These are two waterfall dressers that I have recently painted. The term Waterfall is given to a style of furniture produced from the 1920’s through the 40’s. The shape of the pieces has a rounded horizontal edge usually with ridges that resemble a waterfall. The wood has a rich warm look and the handles are Art Deco in design, often a combination of Bakelite and brass. These are good examples:
You can see the rounded waterfall edge, the great handles and the book matched veneer on the drawers. The veneer was usually stained mahogany and had a spray shellac finish that was glossy but vulnerable to water and perfume marks. There is a lovely waterfall used as a bathroom vanity from Houzz.com but it must have had a urethane coating put on it because of the water. You can see it here.
A lot of people mistakenly believe that because of the style and the shiny, interesting wood pattern that waterfall dressers are fine furniture and valuable but except for some that were initially made as more expensive pieces, waterfalls were actually mass-produced with cheaper materials. A closer look will show that the frame is plywood and that the drawers, though heavy and dovetailed are also plywood. Plywood was a new material in the 1920’s and it allowed furniture makers to create curves in wood that beforehand were only the work of fine craftsmen. Waterfall funiture has all the hallmarks of the Art Deco movement which began in France in the early 20th century but really gained popularity in the 1920’s. Its emphasis was on streamlined symmetrical shapes and geometric design; it was influenced by popular culture such as the discovery of King Tut’s tomb which created a craze for all things Egyptian and cubism in art. The materials used were modern such as aluminum, stainless steel and Bakelite. Many of the skyscrapers built in New York during this time period have Art Deco motifs such as the Chrysler building which has a pryamid shaped roof and a tomb-like lobby. These pictures are good examples of Art Deco design:
You probably have seen one of these waterfall dressers in your grandmother’s or your parents’ house; we had a vanity that broke into two end tables in our basement when I was growing up. According to Jitterbuzz.com, waterfalls were marketed to newlyweds during the depression because most young people ended up staying in their parents’ house so all they could afford was a bedroom suite. These sold for $19.99-39.99 and contained multiple pieces. The two dressers that I painted were manufactured in the 1930’s by Krug Bros. , a well-known furniture maker from Bruce county Ontario. There was nothing special about the design of the wood but they do have wonderful solid brass and Bakelite handles. Bakelite is an early form of plastic and is highly collectible today especially in jewelry. I bought the dressers for the handles and should have checked the veneer more closely as some of it was very warped. I foolishly thought that I could strip off the veneer that was bad on one of the drawers when what I should have done was glue it and weigh it down. Stripping the veneer took as long as painting and waxing the whole piece. There is no easy way to do it- you heat up the glue by pressing an iron ( one that you will throw out) against the wood then you start lifting it with a putty knife. The problem is that it doesn’t come off in strips and you end up chipping away at it for a long time. And I had to do it in front of an open window ( in the middle of winter ) because there were fumes from the shellac.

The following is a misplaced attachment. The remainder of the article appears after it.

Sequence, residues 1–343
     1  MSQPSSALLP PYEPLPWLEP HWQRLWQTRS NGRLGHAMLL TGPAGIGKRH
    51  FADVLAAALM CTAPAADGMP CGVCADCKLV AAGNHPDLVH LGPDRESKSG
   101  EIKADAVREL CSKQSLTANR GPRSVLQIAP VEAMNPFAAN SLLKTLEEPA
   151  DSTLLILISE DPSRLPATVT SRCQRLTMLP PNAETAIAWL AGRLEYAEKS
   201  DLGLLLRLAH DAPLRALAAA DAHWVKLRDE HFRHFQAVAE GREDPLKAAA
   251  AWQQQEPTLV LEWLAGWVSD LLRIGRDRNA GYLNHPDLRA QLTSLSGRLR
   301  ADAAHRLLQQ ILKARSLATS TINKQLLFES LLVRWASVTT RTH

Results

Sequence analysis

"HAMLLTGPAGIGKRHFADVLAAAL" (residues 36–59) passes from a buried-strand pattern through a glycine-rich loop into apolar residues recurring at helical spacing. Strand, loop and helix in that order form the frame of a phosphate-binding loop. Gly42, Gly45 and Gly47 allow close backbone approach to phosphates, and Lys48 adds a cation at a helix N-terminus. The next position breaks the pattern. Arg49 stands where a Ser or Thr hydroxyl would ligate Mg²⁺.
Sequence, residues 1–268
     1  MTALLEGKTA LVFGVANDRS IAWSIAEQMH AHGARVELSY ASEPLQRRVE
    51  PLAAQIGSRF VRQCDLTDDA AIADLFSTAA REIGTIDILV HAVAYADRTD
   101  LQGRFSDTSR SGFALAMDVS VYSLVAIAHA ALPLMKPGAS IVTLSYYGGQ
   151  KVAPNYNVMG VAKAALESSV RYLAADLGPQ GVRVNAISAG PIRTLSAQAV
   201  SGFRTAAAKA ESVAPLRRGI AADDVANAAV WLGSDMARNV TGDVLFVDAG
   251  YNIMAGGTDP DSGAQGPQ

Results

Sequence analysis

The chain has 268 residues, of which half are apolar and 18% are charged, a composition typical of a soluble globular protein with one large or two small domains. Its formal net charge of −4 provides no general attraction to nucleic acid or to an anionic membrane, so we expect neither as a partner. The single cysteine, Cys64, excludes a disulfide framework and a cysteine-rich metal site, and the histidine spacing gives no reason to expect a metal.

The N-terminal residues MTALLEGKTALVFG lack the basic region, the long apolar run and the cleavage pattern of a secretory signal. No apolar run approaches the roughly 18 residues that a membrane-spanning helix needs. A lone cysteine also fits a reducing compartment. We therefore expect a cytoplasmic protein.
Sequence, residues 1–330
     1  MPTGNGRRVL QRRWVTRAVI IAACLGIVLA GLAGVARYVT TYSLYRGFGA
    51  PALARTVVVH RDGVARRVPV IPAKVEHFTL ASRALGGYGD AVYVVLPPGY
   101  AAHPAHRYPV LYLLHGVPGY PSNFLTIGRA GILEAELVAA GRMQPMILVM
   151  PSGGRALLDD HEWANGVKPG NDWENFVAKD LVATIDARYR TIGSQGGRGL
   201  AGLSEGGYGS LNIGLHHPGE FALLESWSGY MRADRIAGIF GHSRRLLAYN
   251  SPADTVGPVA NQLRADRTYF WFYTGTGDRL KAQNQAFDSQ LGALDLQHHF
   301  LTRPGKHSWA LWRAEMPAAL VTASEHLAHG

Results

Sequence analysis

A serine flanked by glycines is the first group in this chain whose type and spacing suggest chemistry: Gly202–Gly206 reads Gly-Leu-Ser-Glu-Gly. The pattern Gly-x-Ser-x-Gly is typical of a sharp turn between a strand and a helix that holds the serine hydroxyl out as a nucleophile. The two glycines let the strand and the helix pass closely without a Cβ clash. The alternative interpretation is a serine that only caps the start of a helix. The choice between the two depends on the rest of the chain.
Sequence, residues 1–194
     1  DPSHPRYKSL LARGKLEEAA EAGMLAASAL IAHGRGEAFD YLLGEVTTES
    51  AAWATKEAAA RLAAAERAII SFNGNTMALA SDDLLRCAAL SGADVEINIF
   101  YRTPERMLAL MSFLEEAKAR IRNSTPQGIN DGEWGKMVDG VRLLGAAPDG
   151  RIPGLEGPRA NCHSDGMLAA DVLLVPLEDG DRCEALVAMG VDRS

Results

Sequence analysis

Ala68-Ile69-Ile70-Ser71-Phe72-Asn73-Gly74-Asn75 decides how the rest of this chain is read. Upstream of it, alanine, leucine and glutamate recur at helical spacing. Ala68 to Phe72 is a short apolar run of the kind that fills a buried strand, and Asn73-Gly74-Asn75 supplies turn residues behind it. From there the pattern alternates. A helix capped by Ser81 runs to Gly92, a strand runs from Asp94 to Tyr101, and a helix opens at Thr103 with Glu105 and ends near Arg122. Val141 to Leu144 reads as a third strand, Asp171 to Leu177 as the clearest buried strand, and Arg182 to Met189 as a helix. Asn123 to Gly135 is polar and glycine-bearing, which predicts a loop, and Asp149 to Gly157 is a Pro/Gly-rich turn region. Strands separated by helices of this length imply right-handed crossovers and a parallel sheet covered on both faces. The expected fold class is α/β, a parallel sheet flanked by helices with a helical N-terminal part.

I painted the two dressers in very bold colours. I had seen a few orange ones on the internet that I liked and I knew the colour would compliment the handles. I mixed some Emperor’s silk into the Barcelona orange to get the burnt orange colour. As for the peacock blue one, I was inspired by Martha Leone’s waterfall that you can see here. In her post, she explains how she was influenced by Art Deco in her choice of design. I decided to create a diagonal free form design because I have no drawing ability. The peacock blue was a mixture of Napoleonic blue, Antibes and Florence. I just like the colour and I think the finished product is very attractive and easily my favourite piece that I have painted so far. Both dressers remind me of luggage from the 1950’s which had the rounded edges that were so popular in the design of that era.